I belive Hamid Mir reported on GEO, that PPP-PML(N) coalition did not even manage to appoint an Agriculture and Foods Minister, even after spending weeks in formulating government. So all of this does have an impact on the current situation, however this is only one of the many factors.

  2. Rehan says:

    I think the judge issue is getting us nowhere. Get over it. The country is ready to move on. You have made your point. No let us get on with running this country. Mr Chaudry is NOT national hero and Mr Sharif is a corrupt, opportunisitic, vengeance-seeker. Move on.

  3. readinglord says:

    Sorry! A correction in the second line of my previous post: please read ‘putting the cart before the horse’ for ‘ putting the horse before the cart’.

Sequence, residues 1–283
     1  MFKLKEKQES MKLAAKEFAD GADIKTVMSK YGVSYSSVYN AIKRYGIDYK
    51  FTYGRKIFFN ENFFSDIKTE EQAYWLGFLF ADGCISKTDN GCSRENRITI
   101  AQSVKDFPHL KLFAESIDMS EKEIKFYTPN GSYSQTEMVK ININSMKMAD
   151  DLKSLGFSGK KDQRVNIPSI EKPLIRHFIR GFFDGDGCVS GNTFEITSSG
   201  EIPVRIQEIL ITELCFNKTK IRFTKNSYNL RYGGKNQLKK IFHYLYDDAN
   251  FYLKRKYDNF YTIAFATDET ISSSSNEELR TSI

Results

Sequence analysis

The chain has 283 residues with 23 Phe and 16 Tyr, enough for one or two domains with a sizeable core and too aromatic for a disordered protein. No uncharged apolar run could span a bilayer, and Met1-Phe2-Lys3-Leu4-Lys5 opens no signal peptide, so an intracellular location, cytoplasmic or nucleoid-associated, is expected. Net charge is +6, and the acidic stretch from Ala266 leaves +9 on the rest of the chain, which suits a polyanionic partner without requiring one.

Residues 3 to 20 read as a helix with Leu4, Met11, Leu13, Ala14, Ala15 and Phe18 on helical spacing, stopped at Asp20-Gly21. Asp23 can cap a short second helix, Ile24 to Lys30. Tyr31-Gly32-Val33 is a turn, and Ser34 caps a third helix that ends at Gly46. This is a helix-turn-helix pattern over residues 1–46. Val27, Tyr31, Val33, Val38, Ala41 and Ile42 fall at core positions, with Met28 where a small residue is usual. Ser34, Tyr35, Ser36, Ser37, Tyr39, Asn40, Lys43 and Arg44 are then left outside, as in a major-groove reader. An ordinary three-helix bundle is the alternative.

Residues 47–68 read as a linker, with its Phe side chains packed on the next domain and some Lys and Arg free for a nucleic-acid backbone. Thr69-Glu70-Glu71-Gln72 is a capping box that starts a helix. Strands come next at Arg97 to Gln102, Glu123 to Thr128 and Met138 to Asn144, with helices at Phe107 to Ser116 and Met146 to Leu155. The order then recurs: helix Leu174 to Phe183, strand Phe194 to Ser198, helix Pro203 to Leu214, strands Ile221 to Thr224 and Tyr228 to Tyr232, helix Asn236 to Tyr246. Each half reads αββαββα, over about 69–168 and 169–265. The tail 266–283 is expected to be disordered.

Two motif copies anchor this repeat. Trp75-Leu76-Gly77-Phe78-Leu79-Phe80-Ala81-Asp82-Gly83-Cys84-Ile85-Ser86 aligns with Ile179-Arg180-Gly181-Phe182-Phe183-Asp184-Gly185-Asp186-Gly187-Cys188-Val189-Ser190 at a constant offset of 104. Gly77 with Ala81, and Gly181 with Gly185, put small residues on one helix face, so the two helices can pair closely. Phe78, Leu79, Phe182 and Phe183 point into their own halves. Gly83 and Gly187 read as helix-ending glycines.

4. readinglord says:

    The very proposition ‘Is Judges’ issue impending progress on economy?’, in my view, is absurd. It is like putting the horse before the cart. The issue in fact is the non-implementation of Art. 6 of the Constitution for declaration of emergency obviously to get rid of the unwanted judges. But no one among the electioneering politicians dares to catch the bull by the horn. It requires a revolution to get rid of that virus which is plaguing the entire system. The signs are that it would come soon ‘Inshaallah’.

  5. Eidee Man says:

    If by “progress” you mean the process of the rich getting richer, then probably yes.

    True progress will only be achieved when we begin to focus on the long-term issues such as independence of the judiciary.

    Also, I don’t give as much blame to PPP as they are getting from some quarters; personally I think that Nawaz Sharif is supporting this issue primarily for political points.